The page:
As an elementary school student, I loved computer class for the video games our teachers worked into the curriculum. One game taught me typing skills. While we played, our teacher covered up our keyboards with orange, plastic slips that shrouded the keys, but when she wasn’t looking, I would lift the slip to peek underneath, giving me an edge over the other students on the leaderboard. Playing these games, and the competition that spawned from them, gripped me much more than sitting in a classroom, listening to a teacher drone about math and geography.
Adventure Academy takes these types of learning games and presents them within the context of an MMO. You still practice your typing skills, read in-game books, expand your vocabulary, and solve basic math problems, but you experience all this within the context of an MMO developed by Age of Learning, the team behind ABCmouse. We spent some time with the game’s beta learning about Beowulf and Joan of Arc while exploring a charming 3D campus.
Each wing features an exhibit for players to interact with. In the library, students can read about the printing press and learn about Joan of Arc.
Character creators are part and parcel of many games today, but its inclusion in an educational game might feel novel to a third grader. After sculpting a Lara Croft-inspired character with brown pants and a long braid, the game dropped me into the titular academy. You’re encouraged to explore the campus, featuring wings for each major discipline: science, literature, history, and math. One thing kids will appreciate in Adventure Academy is that it allows them to focus on activities they enjoy. Don’t like math? You can read full-length books like Titanicat. Does history bore you? There’s a library of videos you can watch to learn science.
You participate in these activities by interacting with kiosks in each wing of the academy, and they take the form of simple flash games. I tried a number of games myself – they’re mechanically simple, and they don’t look as flashy as the game’s 3D world, but each one plays differently, which is another great way the game caters to different players. Some will like the drag-and-drop matching games while others enjoy Jeopardy-style vocabulary activities.
Most of the exploration-based quests we tried took the form of easy fetch quests, like this one that tasked us with planting trees in the garden.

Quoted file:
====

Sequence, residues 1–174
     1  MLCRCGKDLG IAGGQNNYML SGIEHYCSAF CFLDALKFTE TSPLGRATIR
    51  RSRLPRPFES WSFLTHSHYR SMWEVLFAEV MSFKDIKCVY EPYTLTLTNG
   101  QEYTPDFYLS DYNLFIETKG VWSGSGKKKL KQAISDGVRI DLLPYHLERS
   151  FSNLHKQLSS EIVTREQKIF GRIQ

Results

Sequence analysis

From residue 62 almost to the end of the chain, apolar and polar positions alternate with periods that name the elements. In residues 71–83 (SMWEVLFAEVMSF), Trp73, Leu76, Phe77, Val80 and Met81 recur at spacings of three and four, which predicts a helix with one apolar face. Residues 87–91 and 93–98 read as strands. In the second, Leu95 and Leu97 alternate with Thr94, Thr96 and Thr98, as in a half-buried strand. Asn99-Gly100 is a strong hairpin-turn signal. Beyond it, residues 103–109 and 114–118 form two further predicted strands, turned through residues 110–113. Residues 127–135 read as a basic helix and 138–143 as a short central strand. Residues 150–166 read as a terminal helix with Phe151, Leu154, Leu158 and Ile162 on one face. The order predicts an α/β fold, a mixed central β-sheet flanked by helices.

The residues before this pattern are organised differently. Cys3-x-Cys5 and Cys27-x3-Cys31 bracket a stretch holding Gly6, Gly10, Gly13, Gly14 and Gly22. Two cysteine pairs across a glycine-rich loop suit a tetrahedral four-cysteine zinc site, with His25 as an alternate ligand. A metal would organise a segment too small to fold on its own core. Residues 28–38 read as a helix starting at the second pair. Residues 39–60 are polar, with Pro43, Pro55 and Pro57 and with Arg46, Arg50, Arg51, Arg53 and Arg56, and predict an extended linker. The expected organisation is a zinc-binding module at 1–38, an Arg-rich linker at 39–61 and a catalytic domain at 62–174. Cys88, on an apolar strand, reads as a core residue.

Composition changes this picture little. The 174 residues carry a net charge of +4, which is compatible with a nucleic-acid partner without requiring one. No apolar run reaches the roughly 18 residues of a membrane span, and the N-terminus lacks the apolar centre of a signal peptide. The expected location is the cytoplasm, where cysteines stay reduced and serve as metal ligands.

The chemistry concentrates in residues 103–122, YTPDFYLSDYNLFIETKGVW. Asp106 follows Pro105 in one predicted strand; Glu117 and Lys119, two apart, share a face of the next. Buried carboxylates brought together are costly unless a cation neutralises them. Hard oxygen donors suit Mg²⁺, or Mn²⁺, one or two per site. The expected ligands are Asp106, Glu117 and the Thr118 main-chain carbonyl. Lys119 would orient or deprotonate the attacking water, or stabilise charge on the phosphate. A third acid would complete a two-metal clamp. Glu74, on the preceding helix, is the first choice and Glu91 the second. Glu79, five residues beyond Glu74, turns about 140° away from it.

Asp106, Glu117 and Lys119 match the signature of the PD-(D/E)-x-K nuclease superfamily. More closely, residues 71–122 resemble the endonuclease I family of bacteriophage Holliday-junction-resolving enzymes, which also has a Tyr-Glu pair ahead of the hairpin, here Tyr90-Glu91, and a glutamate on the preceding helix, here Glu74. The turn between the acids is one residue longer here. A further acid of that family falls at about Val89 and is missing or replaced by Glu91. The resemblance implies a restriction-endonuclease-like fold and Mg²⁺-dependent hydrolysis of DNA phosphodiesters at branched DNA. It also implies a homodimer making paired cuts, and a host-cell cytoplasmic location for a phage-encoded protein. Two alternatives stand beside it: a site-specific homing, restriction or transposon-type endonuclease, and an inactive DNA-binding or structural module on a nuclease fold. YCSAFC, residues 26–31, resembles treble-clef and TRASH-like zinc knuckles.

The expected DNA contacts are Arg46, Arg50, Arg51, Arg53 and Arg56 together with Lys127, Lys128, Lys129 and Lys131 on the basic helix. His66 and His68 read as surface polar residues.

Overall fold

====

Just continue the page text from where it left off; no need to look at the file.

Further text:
A teacher oversees each area, and they issue you a variety of quests to explore on campus. Some take the form of fetch quests, like finding the missing finger bone of the T-Rex on display in the history wing or planting trees in a hidden mulch bed. One interesting quest asks players to locate pages of lore detailing the academy’s history, which are scattered around the building. While these quests were the type of mission I don’t like to see in MMOs, I think their inclusion might excite kids the most. Other players mill about completing quests, and there’s an in-game chat feature that third-grade-Hunter would have loved to use in a classroom. My best friend Jimmy’s assigned seat is across the classroom? Ha! I’ll just message him on Adventure Academy!
I expect the game to be some players’ first exposure to video game progression systems. You earn experience for completing each activity, and new quests open when you level up, as well as entirely new areas for kids to explore. New wardrobe options, like butterfly wings, backpacks, academy-branded sweaters, and infinity scarves, unlock at higher levels, which are incentives for kids to complete the game’s more educational activities at the kiosks. I was thrilled to see I could unlock a sword for my Lara Croft-themed avatar, and I know with certainty that, in elementary school, I would have obsessed over earning new cosmetic items long after class time.
Cosmetic items get more unique at higher levels. We saw top hats, cowboy hats, and every type of backpack in the marketplace.
While the bevy of unlockable cosmetics will stir competition within classrooms, I’m surprised Adventure Academy doesn’t include leaderboards for its skill-based games. The ability to rise through the ranks of your peers is a feature that lends itself naturally to a game that’s otherwise pretty social. Another head-scratcher is the decision to make the game download while kids play; traveling to new wings or hub spaces for the first-time requires long load times. These moments weren’t unbearable, but I imagine they could be for a teacher with a class of twenty students who just want to play the game. I’m curious to see if players can download the game entirely at launch instead of having to confront these first-time loading screens.
Gripes aside, I think Adventure Academy has the potential to be a great educational tool for classrooms or a fun kid-friendly MMO that parents could introduce to their children. There’s course material for every type of student – from the bookworm to the kid who just wants to earn a bunch of experience watching science videos. Adventure Academy launches on May 1 for PC and on Android and iOS devices. You can purchase a monthly subscription for $9.99 or an annual subscription that comes out to less than $5 per month when you pay up front.
Many of our editors at Game Informer are parents themselves. Read Javy’s column on what it’s like to be a gaming parent in a gaming world, or Matt Miller’s column on great tabletop games to play with your kids.